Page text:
The Human Dimension
The reason we study the Earth system is because we live here, and are a part of it. Everything that happens to the Earth affects us as citizens of the planet, and everything humanity does has an impact on the rest of the system.
In its struggle to survive, humanity has rarely, if ever, existed in equilibrium with the rest of the Earth system. Man vs. nature has been a recurring theme throughout history and has honed the human skills of adaptation, assimilation and domination of the natural environment. The enormity of the planet and relatively small numbers of humans in early historic times lessened the global impact of hunter gatherer land management practices, though there is increasing evidence that people were making their mark on the global environment much earlier than previously assumed.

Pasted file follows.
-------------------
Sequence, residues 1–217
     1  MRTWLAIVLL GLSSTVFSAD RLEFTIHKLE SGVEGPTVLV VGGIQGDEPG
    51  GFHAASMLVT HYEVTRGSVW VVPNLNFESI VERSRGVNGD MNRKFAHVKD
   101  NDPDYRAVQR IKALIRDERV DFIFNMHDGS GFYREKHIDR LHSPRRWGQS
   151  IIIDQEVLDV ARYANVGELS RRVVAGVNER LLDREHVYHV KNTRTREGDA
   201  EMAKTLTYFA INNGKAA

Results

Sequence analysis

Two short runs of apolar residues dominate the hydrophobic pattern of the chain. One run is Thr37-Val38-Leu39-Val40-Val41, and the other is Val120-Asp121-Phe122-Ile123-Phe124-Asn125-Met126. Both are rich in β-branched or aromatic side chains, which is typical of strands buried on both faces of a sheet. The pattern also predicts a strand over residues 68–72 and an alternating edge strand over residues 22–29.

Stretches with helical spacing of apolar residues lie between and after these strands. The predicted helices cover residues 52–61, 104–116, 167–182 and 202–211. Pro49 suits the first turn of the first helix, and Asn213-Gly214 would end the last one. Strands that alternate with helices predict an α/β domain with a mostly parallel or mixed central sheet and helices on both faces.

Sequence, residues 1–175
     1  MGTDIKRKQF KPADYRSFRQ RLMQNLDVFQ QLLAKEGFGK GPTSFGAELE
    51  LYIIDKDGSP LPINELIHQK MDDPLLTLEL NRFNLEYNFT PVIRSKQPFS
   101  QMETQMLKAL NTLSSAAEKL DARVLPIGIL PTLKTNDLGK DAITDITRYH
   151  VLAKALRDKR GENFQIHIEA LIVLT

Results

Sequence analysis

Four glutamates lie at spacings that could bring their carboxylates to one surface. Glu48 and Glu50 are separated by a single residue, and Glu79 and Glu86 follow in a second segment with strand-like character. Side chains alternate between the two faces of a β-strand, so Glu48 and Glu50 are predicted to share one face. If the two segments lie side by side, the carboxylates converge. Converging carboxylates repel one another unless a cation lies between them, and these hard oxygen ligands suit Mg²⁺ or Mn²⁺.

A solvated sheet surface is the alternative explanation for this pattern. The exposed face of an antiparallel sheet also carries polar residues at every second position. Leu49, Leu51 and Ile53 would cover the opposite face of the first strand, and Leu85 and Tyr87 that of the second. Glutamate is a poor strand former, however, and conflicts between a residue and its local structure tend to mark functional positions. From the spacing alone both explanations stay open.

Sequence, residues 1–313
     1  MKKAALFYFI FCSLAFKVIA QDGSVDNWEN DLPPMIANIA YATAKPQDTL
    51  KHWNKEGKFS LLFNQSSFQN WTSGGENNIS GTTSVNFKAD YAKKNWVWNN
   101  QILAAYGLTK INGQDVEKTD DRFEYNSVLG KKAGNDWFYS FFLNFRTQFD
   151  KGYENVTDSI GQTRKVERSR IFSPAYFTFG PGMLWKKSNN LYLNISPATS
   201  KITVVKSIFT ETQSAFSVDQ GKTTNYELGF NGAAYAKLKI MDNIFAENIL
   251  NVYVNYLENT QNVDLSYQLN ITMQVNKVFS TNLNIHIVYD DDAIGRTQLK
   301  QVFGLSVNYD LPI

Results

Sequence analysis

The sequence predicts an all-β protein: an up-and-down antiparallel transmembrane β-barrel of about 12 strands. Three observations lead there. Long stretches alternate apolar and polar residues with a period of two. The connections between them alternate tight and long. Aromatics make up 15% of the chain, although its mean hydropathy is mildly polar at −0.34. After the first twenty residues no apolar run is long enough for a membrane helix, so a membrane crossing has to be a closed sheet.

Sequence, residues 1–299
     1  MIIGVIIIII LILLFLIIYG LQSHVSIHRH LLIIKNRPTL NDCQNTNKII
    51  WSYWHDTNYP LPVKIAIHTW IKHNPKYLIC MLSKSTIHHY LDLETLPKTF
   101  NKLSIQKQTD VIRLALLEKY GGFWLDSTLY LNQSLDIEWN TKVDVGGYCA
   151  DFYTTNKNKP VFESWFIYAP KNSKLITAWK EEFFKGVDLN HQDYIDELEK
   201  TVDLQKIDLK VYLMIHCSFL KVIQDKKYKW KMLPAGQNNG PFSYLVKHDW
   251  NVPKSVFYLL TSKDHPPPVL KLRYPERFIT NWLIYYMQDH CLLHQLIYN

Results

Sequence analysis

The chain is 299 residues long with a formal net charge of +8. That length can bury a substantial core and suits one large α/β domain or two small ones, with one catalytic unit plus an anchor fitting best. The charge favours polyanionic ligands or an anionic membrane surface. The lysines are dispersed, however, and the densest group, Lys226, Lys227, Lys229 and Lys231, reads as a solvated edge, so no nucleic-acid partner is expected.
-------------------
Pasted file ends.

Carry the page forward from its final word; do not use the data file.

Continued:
As organized societies emerged, so did the ability to extract natural resources for food, fuel and building materials. The need for raw materials exploded with the industrial revolution at the turn of the 18th century, and the results of poor resource management began to be felt regionally and even globally. Humanity began to make an indelible mark on the planet through increased consumption of fossil fuels, deforestation and agricultural land degradation, trends that continue today as Earth's human population exceeds 6.1 billion people.
Society has evolved to take advantage of the natural services that the Earth system provides - cities were settled in proximity to fresh water or navigable rivers and harbors. Fertile glacial soils were tilled, natural grasslands grazed by sheep and cattle, and forests cut for fuel and lumber. Oceans are harvested and mineral and fossil fuel reserves drilled and mined.